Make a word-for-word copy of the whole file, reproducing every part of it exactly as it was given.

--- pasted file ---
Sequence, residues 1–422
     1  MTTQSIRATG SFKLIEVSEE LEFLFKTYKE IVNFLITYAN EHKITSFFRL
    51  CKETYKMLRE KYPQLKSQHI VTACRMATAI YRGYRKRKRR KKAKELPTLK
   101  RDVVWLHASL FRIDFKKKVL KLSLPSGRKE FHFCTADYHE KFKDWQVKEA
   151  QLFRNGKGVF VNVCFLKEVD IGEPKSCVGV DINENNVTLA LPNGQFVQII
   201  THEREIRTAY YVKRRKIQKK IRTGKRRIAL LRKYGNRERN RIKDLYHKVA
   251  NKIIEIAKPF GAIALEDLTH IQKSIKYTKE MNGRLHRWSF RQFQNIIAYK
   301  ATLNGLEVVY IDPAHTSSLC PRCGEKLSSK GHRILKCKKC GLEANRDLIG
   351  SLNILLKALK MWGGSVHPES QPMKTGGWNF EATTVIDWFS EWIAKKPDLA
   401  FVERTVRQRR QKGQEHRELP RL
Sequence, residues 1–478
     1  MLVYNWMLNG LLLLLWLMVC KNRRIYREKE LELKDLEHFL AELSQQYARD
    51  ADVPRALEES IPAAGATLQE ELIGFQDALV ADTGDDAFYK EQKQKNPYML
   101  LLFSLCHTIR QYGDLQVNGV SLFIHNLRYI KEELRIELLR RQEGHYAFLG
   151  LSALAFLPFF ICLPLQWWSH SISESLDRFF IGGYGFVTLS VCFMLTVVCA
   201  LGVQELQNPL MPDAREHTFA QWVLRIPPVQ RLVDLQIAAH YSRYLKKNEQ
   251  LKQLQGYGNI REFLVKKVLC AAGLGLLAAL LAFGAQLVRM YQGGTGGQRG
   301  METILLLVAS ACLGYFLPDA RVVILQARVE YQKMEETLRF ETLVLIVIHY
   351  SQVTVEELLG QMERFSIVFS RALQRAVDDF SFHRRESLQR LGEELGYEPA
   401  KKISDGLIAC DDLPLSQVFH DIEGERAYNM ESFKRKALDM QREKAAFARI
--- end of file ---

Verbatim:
Sequence, residues 1–422
     1  MTTQSIRATG SFKLIEVSEE LEFLFKTYKE IVNFLITYAN EHKITSFFRL
    51  CKETYKMLRE KYPQLKSQHI VTACRMATAI YRGYRKRKRR KKAKELPTLK
   101  RDVVWLHASL FRIDFKKKVL KLSLPSGRKE FHFCTADYHE KFKDWQVKEA
   151  QLFRNGKGVF VNVCFLKEVD IGEPKSCVGV DINENNVTLA LPNGQFVQII
   201  THEREIRTAY YVKRRKIQKK IRTGKRRIAL LRKYGNRERN RIKDLYHKVA
   251  NKIIEIAKPF GAIALEDLTH IQKSIKYTKE MNGRLHRWSF RQFQNIIAYK
   301  ATLNGLEVVY IDPAHTSSLC PRCGEKLSSK GHRILKCKKC GLEANRDLIG
   351  SLNILLKALK MWGGSVHPES QPMKTGGWNF EATTVIDWFS EWIAKKPDLA
   401  FVERTVRQRR QKGQEHRELP RL
Sequence, residues 1–478
     1  MLVYNWMLNG LLLLLWLMVC KNRRIYREKE LELKDLEHFL AELSQQYARD
    51  ADVPRALEES IPAAGATLQE ELIGFQDALV ADTGDDAFYK EQKQKNPYML
   101  LLFSLCHTIR QYGDLQVNGV SLFIHNLRYI KEELRIELLR RQEGHYAFLG
   151  LSALAFLPFF ICLPLQWWSH SISESLDRFF IGGYGFVTLS VCFMLTVVCA
   201  LGVQELQNPL MPDAREHTFA QWVLRIPPVQ RLVDLQIAAH YSRYLKKNEQ
   251  LKQLQGYGNI REFLVKKVLC AAGLGLLAAL LAFGAQLVRM YQGGTGGQRG
   301  METILLLVAS ACLGYFLPDA RVVILQARVE YQKMEETLRF ETLVLIVIHY
   351  SQVTVEELLG QMERFSIVFS RALQRAVDDF SFHRRESLQR LGEELGYEPA
   401  KKISDGLIAC DDLPLSQVFH DIEGERAYNM ESFKRKALDM QREKAAFARI